Detroit's mayor reportedly said J&J's vaccines aren't as good, so he said declined the city's first shipment

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Annabelle Williams
·2 min read
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Detroit Mayor Mike Duggan
Detroit Mayor Mike Duggan. AP
  • Detroit's mayor said no to an initial shipment of Johnson & Johnson vaccines, CNBC reported.

  • He reportedly said Detroit had enough supply and it would introduce the single-shot vaccine later.

  • 11.3 % of Detroit's population is currently vaccinated against COVID-19.

  • Visit the Business section of Insider for more stories.

Detroit's mayor, Mike Duggan, said in a press briefing on Thursday that he would not accept a first-time shipment of Johnson & Johnson's single-shot coronavirus vaccine, CNBC reported on Friday.

Duggan reportedly cited concerns about the vaccine's efficacy. The vaccine, according to reporting from Insider, has been proven to be 66% effective at preventing coronavirus overall, and data from Johnson & Johnson shows a 100% prevention rate of hospitalizations from the virus.

The FDA approved the Johnson & Johnson vaccine for "emergency use" by Americans over 18 years of age on February 27.

"Johnson & Johnson is a very good vaccine," Duggan told media outlets including CNBC on Thursday. "Moderna and Pfizer are the best. And I am going to do everything I can to make sure that residents of the city of Detroit get the best."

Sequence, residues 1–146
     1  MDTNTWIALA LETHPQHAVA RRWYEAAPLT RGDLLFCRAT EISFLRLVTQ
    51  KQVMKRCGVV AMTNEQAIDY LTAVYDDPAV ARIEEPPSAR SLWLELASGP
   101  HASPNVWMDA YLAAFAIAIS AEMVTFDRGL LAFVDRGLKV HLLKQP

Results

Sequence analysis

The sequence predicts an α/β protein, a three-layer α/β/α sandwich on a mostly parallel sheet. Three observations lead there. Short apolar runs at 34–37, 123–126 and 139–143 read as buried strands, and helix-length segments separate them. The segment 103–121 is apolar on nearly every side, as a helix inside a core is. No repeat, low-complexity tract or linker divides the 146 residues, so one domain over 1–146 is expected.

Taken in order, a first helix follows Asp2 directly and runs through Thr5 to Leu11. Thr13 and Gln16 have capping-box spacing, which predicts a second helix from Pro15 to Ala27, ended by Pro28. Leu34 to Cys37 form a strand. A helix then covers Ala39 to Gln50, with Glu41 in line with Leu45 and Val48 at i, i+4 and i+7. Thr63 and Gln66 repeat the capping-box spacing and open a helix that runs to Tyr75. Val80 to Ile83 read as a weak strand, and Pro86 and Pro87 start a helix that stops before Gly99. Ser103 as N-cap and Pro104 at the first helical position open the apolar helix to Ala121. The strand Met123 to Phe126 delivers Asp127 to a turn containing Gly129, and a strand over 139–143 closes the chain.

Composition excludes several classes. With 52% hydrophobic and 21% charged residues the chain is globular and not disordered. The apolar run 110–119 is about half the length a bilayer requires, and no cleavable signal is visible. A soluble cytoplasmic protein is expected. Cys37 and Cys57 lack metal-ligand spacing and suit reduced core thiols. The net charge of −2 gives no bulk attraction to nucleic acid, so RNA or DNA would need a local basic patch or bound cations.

On Friday, Andy Slavitt, a White House coronavirus advisor, told the press that Duggan's comments had been misconstrued, according to reporting from US News and World Report.

Duggan also reportedly said that Detroit had enough supply of the Moderna and Pfizer vaccines to inoculate everyone eligible in the city. He told the city council in a statement reported on CNBC that "as vaccine eligibility expands, Detroit will open a second site offering Johnson & Johnson vaccines."

According to Detroit's coronavirus tracking dashboard, 11.3% of the city's population is currently vaccinated.

The mayor's office did not immediately respond to a request for comment from Insider. Politico reporter Adam Cancryn tweeted a statement from Duggan's office saying that the city is making plans to distribute the Johnson & Johnson shot down the line, but not addressing the mayor's reported refusal directly.

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Insider published an analysis on Monday saying that, with its single-shot formulation, the Johnson & Johnson vaccine may be a better alternative than the two-shot Moderna and Pfizer vaccines for young and healthy people. Given that the shot works after a single appointment, herd immunity is within closer reach.

Read the original article on Business Insider